Friday, October 18, 2013

Ethiopian dam plans spark regional tensions

Rehad Abd Almohsen in A group of Egyptian academics and experts have declared their opposition to the current plans for the US$4.8 billion Grand Ethiopian Renaissance Dam — on which work has started, and which will be Africa's largest hydroelectric power plant when completed — because they believe it will damage their country.

Egypt's Nile Basin Group was set up to assess the possible threat from the dam, which will lie close to Ethiopia's border with Sudan. Its members warn that the structure could slash the Nile's flow, especially in Egypt and Sudan, which depend on the river's waters.

Haider Yusuf Bakheit, a Sudanese hydrologist, was reported in an article in Infrastructure News as saying that the dam "will hold back nearly one-and-a-half times the average annual flow" of the Blue Nile, one of the Nile's two main tributaries, and "drastically affect the downstream nations' agriculture, electricity and water supply".

"Given the massive size of the dam, it could lose as much as three billion cubic metres of water to evaporation each year," he warned.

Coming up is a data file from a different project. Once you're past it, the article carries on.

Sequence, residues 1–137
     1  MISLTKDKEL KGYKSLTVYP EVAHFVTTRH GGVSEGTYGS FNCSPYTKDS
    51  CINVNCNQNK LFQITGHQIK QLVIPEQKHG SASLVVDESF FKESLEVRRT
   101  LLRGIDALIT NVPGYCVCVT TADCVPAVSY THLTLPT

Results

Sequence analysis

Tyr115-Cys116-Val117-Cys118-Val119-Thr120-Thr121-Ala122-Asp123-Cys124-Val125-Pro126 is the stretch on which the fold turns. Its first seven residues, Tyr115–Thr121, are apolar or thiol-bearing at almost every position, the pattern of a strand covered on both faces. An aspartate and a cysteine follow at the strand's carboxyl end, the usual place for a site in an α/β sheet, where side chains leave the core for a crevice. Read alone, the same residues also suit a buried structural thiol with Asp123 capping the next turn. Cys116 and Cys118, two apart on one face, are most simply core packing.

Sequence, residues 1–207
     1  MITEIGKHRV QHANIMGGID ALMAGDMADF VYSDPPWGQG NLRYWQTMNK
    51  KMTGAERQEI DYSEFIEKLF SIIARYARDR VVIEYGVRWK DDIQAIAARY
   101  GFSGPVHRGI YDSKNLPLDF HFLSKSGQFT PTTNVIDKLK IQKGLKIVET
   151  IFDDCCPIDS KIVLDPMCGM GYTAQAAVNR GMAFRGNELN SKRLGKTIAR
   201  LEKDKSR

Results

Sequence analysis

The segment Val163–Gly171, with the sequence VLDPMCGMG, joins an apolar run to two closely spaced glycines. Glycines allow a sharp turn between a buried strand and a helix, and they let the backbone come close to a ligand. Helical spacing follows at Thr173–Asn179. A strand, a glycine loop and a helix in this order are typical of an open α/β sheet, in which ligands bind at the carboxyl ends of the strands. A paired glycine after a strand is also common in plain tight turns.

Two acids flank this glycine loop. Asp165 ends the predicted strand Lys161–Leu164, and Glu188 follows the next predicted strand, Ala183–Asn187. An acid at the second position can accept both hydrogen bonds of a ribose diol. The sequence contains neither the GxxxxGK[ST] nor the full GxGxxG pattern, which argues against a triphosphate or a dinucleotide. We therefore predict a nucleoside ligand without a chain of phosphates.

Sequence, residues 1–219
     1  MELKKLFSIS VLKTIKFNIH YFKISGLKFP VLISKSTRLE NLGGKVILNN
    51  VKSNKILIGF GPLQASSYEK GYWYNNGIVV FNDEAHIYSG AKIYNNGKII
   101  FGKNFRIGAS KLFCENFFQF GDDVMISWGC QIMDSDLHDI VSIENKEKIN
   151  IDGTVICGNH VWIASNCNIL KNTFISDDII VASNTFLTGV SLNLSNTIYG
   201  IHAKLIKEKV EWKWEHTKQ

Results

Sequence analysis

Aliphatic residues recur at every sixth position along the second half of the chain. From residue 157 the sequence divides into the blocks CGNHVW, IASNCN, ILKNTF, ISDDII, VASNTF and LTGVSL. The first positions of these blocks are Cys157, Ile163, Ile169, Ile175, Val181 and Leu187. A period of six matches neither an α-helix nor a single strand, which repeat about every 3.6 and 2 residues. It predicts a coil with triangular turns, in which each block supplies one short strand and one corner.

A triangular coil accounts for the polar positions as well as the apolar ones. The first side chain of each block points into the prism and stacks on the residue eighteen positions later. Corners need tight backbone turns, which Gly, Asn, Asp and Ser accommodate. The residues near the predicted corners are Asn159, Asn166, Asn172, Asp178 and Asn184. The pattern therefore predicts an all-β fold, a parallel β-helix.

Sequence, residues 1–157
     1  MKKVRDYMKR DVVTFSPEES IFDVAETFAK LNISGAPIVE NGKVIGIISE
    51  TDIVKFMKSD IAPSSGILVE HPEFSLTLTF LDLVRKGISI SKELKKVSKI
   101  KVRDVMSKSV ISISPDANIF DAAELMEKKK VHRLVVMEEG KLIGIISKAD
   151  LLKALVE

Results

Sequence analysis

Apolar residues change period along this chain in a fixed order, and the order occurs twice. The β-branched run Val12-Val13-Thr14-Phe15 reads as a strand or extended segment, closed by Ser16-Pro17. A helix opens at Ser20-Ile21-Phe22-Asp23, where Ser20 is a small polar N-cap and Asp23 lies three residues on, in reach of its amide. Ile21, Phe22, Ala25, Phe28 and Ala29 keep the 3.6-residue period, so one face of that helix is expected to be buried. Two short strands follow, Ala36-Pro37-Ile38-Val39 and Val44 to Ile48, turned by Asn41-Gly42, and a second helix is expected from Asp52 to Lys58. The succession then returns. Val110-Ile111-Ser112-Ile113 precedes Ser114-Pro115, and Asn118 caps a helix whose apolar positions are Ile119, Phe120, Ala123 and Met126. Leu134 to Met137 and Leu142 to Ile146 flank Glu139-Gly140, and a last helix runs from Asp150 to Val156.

There was alarm in Egypt when the plan to build the dam was announced in 2011  — with some MPs talking off the record about Egypt's right to retaliate militarily — but much of the opposition now focuses on Ethiopia's decision to increase the size of the reservoir behind the dam.

"The original plan was to create a lake that would store 14 billion cubic metres of water, which is enough to generate electricity, but then the lake's capacity was increased to 74 billion cubic metres," Nader Noureddin, a member of the Nile Basin Group and professor of soil and water resources at Cairo University, tells SciDev.Net. Planned electricity output has also risen, from 5,250 to 6,000 megawatts...

A dam over the Blue Nile north of Addis Ababa, shot by Adam Jones, Wikimedia Commons via Flickr, under the Creative Commons Attribution-Share Alike 2.0 Generic license

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